We also have some concerns about how ‘textbook’ or ‘core textbook’ would be defined, as a title that might be essential reading for one module could be background reading for other students. Similarly a book that is an essential text at one university might be background reading at another.  Academic staff also change texts fairly frequently, so that the situation could change year on year.

It seems to me that the Dawsonera model we used for the trial worked well.  We’ve been using this model (ie we are given x credits when we buy the e-book and once those are used up we buy x more) for 2 or 3 years and and it generally works fine.  It seems fair as the more a book is used, the more we would pay – and this reflects what would happen with print copies – if they are heavily used we need to buy more.

Useful lessons learnt from the trial in terms of future library strategy for providing access to e-textbooks:

It would be fair to say that the trial consolidated and confirmed our expectations regarding  e-textbook provision and its potential. There was certainly demand for our particular e-textbook.

Perhaps ultimately, of most value to us was the opportunity to take a close look at the use of a particular high demand title in such detail, which gave us an indication of how much reach an e-book could have at peak times over the relative use of its print equivalent.  Although this was indeed interesting to us, what we saw happen wasn’t really counter to what we had expected to see from the outset, although as we mention above use may have been less than we might have anticipated.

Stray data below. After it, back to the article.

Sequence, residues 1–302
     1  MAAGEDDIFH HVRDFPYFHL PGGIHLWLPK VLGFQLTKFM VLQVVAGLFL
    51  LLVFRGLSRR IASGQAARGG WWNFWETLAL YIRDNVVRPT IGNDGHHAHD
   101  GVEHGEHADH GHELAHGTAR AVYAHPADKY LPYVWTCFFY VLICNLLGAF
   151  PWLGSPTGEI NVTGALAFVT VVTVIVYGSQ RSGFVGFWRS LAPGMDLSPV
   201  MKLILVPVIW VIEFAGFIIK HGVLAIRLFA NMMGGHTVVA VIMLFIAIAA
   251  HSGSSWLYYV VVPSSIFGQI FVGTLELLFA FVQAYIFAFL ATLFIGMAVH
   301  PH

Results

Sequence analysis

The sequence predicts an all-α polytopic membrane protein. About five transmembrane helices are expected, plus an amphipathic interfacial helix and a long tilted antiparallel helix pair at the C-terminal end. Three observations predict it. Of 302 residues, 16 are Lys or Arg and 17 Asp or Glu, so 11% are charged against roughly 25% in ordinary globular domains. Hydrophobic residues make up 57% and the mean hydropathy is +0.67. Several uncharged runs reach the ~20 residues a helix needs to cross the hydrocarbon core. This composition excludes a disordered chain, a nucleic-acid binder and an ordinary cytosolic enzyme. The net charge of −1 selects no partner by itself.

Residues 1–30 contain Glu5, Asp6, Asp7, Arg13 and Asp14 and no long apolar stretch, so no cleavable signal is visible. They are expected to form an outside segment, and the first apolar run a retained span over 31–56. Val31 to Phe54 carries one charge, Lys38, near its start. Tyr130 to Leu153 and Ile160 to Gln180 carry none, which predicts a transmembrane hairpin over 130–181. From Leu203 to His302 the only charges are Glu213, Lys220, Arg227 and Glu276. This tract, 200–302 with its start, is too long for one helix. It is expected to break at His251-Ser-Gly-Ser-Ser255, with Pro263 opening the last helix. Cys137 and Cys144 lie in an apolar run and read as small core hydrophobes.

It’s also worth noting again that the issues around the pricing model already identified above probably suggest to us that in the case of a costly item (as our particular text would be) we do nott have a mechanism to recoup that level of proportionate expense from a library budget at present, despite the good value the cost offered in this particular case on a per student basis. This probably leaves us with questions to consider, or problems to solve, if indeed they could be, should such costs become a reality for us in order to offer e-textbook provision of this kind across further subject areas/budgets in the future.